results of rendering France desperate, and simply reani-
mate Jacobinism.

Effective enough too, for the controversial needs of the
moment, was the argument that if France were known, as
Ministers pretended, to be insincere in soliciting peace,
" Ministers would certainly treat with her, since they would
again secure the support of the British people in the war,
and expose the ambition of the enemy ;" and that, there-
fore, the probability was that the British Government knew
France to he sincere, and shrank from negotiation lest it
should expose their own desire to prosecute the war.' Most
happy, again, is his criticism of Lord Grenville's note, with
its references to the unprovoked aggression of France (in
the matter of the opening of the Scheldt, etc.) as the sole
cause and origin of the war. " If this were indeed true,
in what ignorance must not Mr. Pitt and Mr. Windhapa
have kept the poor Duke of Portland, who declared in the
House of Lords that the cause of the war was the main-
tenance of the Christian religion ?"

To add literary excellence of the higher order to the
peculiar qualities which give force to the newspaper arti-

' Alas, that the facts should be so merciless to the most excellent
arguments ! Colerklge could not foresee that Napoleon would, years
afterwards, admit in his own Memoirs the insincerity of his overtures.
"I had need of war; a treaty of peace . . . would have withered ev-
ery imagination." And when Mr. Pitt's answer arrived, "it filled
me with a secret satisfaction."


cle is for a jonrnalist, of course, a " counsel of perfection ;"
but it remains to be remarked that Coleridge did make
this addition in a most conspicuous manner. Mrs. H. N.
Coleridge's three volumes of her father's Essays on his
oivn Times deserve to live as literature apart altogether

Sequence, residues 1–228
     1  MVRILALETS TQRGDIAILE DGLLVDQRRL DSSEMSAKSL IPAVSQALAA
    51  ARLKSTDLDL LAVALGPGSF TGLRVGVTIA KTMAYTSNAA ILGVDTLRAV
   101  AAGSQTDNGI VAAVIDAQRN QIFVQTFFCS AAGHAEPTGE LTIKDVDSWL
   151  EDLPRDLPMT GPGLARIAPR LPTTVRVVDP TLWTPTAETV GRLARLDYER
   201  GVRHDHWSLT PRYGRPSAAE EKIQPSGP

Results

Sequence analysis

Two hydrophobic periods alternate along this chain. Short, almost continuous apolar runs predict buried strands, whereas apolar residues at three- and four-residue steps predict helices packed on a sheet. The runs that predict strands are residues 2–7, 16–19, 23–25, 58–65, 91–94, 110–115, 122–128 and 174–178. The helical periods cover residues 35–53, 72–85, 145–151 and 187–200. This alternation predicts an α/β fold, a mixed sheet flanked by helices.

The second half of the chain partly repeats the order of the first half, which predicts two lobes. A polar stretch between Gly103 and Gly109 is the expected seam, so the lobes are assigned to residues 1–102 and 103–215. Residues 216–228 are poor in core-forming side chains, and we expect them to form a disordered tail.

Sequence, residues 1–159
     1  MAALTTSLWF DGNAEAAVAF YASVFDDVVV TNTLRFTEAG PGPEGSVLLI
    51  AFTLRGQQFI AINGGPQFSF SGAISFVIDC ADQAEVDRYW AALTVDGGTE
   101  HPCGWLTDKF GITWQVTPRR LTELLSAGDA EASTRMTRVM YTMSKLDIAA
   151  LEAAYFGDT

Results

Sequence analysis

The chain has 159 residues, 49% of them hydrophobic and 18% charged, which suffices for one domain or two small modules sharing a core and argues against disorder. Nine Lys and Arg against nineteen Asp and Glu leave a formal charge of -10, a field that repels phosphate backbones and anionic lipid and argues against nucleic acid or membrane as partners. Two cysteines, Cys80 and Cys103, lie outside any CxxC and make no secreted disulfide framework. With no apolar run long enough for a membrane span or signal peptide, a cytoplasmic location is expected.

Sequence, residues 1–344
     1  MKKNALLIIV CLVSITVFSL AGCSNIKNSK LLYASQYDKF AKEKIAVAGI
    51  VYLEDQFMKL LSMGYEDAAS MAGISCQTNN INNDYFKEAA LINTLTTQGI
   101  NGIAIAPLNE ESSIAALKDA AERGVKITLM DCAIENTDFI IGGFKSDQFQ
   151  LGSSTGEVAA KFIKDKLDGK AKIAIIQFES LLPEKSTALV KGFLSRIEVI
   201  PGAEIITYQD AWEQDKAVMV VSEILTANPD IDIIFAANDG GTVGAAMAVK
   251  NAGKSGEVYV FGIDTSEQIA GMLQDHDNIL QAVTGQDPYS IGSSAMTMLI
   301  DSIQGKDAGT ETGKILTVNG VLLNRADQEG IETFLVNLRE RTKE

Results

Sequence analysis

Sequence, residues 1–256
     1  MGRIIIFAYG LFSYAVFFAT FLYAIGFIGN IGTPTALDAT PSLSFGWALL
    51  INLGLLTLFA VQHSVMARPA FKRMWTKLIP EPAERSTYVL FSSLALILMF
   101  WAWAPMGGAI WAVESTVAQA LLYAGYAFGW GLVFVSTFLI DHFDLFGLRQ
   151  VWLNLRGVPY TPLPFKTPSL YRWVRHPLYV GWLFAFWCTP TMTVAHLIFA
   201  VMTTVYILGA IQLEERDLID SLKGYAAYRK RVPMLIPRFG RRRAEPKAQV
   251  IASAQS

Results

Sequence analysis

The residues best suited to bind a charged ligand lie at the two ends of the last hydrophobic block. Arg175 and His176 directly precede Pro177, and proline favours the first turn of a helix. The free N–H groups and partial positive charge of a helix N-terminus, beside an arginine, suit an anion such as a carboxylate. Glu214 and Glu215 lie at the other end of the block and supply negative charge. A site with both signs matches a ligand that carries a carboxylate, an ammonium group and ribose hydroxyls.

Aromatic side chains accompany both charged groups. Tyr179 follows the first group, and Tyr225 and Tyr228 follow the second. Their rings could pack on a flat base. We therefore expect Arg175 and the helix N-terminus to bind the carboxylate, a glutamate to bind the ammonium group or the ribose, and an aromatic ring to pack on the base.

from their merits as journalism. Indeed, among the arti-
cles in the Morninff Post between 1799 and 1802 may be
found some of the finest specimens of Coleridge's maturer
prose style. The character of Pitt, which appeared on
19th March, 1800, is as remarkable for its literary merits
as it is for the almost humorous political perversity which
would not allow the Minister any single merit except that
which he owed to the sedulous rhetorical training received
by him from his father, viz.^ " a premature and unnatural
dexterity in the combination of words." ' The letters to
Fox, again, though a little artificialised perhaps by remi-
niscences of Junius, are full of weight and dignity. But
by far the most piquant illustration of Coleridge's peculiar
power is to be found in the comparison between his own
version of Pitt's speech of iVth Februar)^1800, on the
continuance of the war, with the report of it which ap-
peared in the 2'imcs of that date. With the exception of

' The following passage, too, is curious as showing how polemics,
like history, repeat themselves. " As his reasonings were, so is bis
eloquence. One character pervades his whole being. Words on
words, finely arranged, and so dexterously consequent that the whole
bears the semblance of argument and still keeps awake a sense of
surprise ; but, when all is done, nothing rememberable has been said ;
no one philosophical remark, no one image, not even a pointed apho-
rism. Not a sentence of Mr. Pitt's has ever been quoted, or formed
the favourite i)hrase of the day — a thing unexampled in any man of
equal reputation." With the alteration of one word — the proper
name — this passage might have been taken straight from some po-
litical diatribe of to-dav.

82 . COLERIDGE. [chap.

a few unwarranted elaborations of the arguments here and
tliere, the two speeches are in substance identical ; but the
effect of the contrast between the Minister's cold state-
paper periods and the life and glow of the poet-journalist's
style is almost comic. Mr. Gillman records that Canning,
calling on business at the editor's, inquired, as others had
done, who was the reporter of the speech for the Morning
Post, and, on being told, remarked drily that the report
"did more credit to his head than to his memory."

On the whole one can well understand Mr, Stuart's anx-
iety to secure Coleridge's permanent collaboration with
him in the business of journalism ; and it would be possi-
ble to maintain, with less of paradox than may at first sight
appear, that it would have been better not only for Cole-
ridge himself but for the world at large if the editor's ef-
forts had been successful. It would indeed have been bow-
ing the neck to the yoke ; but there are some natures upon
which constraint of that sort exercises not a depressing but
a steadying influence. What, after all, would the loss in
hours devoted to a comparatively inferior class of literary
labour have amounted to when compared with the gain in
much-needed habits of method and regularity, and — more